Indeed, Palm will need the improvement. Palm smartphone units plunged 42 percent to 482,000 in its fiscal third quarter ahead of the launch of the Pre.

The results were largely expected since Palm had already warned that its third quarter results would be messy. The company in a statement said it is officially "proceeding through a challenging transitional period" ahead of the Pre launch. 

If successful, the launch of the Pre, Palm's much ballyhooed device, will create a new era for the company. If the Pre fumbles Palm could be in big trouble. 

The third quarter net loss included a bevy of items, but even under non-GAAP accounting Palm lose $94.7 million, or 86 cents a share. Inventories for the third quarter were $13.2 million, up from $8.89 million in the same period a year ago.

On the bright side, Palm recently raised capital that largely offset what it blew through during the third quarter. The company ended the third quarter with cash and equivalents of $219.4 million. Jeffries repeatedly noted that Palm had enough capital to give the Pre the marketing support it needs. 

Also see: The war for mobile developers is on: Do you have to pick sides?

Topics: Enterprise Software, Banking, Hardware, Mobility, Smartphones

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9 comments
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  • The Pre should be a winner

    If the Pre looks & works as good as it does in video demos, Palm should have a winner on their hands.
    linuser
  • I'll take 3, to go ...

    please.
    Oknarf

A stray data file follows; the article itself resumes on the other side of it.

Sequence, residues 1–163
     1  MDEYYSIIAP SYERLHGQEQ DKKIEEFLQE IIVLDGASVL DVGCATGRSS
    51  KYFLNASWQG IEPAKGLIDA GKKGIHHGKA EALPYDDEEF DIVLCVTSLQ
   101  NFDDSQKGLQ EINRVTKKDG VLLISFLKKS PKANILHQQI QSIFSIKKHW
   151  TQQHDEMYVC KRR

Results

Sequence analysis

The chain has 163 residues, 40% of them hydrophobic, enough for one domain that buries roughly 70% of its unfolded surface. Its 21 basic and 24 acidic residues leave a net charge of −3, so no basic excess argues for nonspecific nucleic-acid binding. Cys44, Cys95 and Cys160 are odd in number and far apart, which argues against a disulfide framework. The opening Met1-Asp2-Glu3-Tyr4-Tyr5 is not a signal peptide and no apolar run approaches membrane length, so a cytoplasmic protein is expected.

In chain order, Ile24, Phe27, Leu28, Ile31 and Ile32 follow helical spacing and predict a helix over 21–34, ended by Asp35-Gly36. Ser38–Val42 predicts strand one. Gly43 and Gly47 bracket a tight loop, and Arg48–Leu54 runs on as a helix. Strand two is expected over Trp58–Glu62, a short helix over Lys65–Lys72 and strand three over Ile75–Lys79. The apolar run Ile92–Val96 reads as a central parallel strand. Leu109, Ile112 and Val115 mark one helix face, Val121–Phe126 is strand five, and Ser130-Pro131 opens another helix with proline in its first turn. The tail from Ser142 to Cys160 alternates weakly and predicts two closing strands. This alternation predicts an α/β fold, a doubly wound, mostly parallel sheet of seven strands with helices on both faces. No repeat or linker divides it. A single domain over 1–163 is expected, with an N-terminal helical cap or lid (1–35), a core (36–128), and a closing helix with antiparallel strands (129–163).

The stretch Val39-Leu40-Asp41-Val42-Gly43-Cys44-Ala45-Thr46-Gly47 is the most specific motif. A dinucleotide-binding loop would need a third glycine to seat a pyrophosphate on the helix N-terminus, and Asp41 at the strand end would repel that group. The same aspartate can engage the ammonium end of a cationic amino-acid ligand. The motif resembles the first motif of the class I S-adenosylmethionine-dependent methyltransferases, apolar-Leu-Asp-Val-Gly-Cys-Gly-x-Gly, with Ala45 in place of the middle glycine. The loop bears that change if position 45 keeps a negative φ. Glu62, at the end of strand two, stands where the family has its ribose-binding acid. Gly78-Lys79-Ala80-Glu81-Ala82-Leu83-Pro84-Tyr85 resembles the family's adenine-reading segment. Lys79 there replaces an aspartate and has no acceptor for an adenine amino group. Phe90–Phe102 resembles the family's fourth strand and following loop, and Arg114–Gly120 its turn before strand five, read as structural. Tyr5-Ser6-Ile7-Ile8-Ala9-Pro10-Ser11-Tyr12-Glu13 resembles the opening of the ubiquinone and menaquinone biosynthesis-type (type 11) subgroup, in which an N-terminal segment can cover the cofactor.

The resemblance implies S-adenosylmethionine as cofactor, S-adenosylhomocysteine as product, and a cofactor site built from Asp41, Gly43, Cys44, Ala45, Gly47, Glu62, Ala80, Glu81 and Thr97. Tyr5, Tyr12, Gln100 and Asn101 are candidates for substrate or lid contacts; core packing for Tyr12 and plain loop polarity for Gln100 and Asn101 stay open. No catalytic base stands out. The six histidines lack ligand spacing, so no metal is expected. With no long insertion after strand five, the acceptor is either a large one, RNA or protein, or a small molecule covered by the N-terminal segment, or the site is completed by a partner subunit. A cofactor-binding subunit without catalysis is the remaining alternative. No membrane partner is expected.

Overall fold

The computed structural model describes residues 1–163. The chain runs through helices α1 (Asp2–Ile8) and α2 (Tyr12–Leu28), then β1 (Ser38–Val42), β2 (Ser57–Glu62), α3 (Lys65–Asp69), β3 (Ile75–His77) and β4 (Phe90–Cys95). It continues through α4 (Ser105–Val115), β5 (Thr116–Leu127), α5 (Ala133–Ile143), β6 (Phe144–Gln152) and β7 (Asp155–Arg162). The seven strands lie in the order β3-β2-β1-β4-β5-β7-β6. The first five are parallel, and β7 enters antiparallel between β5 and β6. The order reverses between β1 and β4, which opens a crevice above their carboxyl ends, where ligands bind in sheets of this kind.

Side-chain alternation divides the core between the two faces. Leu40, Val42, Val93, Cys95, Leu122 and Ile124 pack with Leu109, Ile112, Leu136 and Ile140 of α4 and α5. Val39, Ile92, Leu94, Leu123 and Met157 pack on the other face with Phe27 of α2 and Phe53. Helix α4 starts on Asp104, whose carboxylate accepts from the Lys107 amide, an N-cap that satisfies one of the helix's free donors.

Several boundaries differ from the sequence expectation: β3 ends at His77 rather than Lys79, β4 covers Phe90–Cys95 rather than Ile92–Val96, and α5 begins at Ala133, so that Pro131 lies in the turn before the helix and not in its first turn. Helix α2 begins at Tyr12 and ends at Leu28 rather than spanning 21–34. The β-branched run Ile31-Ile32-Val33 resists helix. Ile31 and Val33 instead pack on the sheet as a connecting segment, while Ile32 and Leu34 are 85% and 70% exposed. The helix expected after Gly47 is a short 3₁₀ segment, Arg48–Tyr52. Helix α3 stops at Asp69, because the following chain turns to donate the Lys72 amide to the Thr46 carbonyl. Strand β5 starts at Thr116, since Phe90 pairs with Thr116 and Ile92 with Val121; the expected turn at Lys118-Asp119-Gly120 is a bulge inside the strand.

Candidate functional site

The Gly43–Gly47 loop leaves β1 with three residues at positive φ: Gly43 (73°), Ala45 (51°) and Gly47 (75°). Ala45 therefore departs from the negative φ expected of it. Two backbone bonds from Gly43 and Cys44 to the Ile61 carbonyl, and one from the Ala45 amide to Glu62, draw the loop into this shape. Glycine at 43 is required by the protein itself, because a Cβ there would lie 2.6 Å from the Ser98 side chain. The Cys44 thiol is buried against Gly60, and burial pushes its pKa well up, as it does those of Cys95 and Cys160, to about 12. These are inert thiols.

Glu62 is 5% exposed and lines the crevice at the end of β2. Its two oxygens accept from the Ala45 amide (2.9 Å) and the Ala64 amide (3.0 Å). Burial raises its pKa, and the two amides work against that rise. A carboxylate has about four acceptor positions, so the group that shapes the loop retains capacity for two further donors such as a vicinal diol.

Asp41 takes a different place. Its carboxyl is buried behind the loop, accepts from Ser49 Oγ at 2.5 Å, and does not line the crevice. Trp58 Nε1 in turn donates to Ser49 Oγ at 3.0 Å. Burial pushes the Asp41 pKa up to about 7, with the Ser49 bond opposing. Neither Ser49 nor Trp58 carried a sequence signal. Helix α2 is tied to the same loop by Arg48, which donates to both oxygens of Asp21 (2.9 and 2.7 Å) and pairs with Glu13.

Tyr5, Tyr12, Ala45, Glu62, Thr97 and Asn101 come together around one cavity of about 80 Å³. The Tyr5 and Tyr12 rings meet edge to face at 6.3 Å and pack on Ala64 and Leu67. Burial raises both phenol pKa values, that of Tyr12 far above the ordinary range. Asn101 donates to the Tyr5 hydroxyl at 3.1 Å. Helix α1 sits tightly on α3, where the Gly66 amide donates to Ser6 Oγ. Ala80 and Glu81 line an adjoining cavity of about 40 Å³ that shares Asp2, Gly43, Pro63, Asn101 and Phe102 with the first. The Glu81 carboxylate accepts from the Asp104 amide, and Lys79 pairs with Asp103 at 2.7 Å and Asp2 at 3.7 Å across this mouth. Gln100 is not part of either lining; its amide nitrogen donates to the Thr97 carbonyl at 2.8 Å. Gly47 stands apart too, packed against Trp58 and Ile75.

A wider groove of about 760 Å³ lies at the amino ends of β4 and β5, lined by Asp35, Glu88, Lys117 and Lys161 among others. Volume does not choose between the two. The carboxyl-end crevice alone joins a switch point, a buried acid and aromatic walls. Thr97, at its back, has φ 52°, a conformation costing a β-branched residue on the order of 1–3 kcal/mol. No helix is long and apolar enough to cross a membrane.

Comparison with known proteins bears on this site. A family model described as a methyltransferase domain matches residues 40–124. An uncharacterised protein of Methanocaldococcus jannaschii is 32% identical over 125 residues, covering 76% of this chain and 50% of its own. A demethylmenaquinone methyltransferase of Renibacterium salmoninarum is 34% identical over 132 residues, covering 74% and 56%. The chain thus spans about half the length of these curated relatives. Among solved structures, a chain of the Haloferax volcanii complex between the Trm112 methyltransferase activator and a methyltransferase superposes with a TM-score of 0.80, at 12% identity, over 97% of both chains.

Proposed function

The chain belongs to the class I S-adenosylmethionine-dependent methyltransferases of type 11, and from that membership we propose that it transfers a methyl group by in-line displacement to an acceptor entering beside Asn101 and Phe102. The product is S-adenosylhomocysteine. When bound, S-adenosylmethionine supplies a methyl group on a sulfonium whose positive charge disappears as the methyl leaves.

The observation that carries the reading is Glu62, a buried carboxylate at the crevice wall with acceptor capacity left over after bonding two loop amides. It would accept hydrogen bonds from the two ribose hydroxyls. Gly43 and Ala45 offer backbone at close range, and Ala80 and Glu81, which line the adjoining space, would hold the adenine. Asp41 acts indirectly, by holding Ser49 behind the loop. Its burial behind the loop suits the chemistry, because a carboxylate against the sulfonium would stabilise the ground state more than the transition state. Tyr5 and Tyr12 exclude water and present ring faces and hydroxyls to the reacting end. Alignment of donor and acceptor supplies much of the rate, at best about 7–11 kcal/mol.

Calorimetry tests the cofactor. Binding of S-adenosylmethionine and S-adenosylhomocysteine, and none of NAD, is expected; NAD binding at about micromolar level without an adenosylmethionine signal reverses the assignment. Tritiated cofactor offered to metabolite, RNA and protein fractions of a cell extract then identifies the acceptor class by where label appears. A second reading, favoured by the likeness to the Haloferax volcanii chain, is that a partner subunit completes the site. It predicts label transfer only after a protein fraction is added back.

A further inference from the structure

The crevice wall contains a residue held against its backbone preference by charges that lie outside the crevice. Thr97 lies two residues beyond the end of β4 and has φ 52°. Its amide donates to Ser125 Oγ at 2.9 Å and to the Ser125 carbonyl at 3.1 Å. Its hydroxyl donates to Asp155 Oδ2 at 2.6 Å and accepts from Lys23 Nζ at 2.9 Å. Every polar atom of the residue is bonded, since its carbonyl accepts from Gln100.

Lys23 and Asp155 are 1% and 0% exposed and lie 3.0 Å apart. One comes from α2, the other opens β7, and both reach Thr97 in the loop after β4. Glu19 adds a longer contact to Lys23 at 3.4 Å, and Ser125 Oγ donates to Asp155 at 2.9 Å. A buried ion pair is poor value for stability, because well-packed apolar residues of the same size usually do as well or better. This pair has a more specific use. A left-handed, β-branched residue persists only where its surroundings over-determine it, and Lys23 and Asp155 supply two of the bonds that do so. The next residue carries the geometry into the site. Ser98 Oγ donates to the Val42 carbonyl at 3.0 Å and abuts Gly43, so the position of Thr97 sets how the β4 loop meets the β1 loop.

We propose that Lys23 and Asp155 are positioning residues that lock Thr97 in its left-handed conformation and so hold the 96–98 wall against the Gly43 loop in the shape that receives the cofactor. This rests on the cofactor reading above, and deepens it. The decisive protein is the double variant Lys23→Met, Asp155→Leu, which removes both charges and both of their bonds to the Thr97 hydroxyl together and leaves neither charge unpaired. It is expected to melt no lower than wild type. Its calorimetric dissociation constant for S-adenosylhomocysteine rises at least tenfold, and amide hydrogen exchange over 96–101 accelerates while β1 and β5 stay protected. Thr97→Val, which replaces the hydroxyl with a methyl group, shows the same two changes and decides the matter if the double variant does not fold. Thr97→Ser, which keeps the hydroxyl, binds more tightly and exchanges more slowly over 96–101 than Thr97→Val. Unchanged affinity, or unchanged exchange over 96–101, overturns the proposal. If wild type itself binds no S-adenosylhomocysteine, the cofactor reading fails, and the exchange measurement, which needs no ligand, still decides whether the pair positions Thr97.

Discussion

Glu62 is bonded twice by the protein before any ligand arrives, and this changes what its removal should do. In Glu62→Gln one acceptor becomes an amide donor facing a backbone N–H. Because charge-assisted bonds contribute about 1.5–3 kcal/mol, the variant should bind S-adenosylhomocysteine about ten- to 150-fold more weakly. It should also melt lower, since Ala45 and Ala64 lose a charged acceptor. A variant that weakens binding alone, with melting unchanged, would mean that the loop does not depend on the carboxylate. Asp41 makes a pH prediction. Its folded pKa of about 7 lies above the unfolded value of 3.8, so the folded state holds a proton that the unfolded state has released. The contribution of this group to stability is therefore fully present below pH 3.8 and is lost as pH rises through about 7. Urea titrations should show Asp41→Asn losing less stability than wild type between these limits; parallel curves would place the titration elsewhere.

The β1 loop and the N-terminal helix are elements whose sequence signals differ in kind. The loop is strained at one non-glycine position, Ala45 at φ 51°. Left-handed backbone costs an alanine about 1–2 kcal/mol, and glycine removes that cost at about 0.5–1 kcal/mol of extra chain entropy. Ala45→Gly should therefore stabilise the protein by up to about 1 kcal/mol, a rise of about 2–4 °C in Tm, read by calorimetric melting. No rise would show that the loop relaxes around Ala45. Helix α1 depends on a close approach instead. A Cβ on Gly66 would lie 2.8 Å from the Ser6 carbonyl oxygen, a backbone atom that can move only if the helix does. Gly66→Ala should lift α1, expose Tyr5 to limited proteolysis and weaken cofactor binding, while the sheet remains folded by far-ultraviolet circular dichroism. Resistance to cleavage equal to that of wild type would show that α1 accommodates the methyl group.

• I do believe...

      ...that their development platform could be the start of something larger that would grow beyond the Pre....at least in UI development.
      storm14k
  • Come on palm..

    Come on palm.. Let's go already!
    pochinator
  • RE: Palm CEO: WebOS bigger than just the Pre base

    I'm bored. Think I'll play with my iPhone.
    No More Microsoft Software Ever!
  • RE: Bored

    Yep, that's about all the iPhone is good for. Boredom relief, and not much else. Us business users need something more capable than the iPhone, so that's why we're interested in this phone OS.
    Narg
  • RE: Palm CEO: WebOS bigger than just the Pre base

    If we pre pre palm users do not get a break to move up, why stay? With most of the rest of the world on other phones, I would rather go for the sure thing in the future rather than pay the full load to palm.
    dlsweb
  • RE: Palm CEO: WebOS bigger than just the Pre base

    I hope the ecosystem they refer to includes the Foleo or something akin to it. No, netbooks are not the same as the Foleo as originally revealed.
    davidaaa14
  • most stupid business decision of all times?

    i think that colligan single handily killed palm. it is called the
    osborne effect (though it actually is a urban myth). let's call it the
    plam-effect from now on: announcing a new and better product
    months before you are ready to market while trying to sell your
    "older" models is business suicide. because no one will buy your
    older models anymore, everyone is waiting for the new one.

    their loss is greater than their revenue and revenue fell by 72% yoy. i
    am amazed that this man is still in charge. otherwise good luck with
    the pre (no sarcasm here).
    bannedfromzdnetagain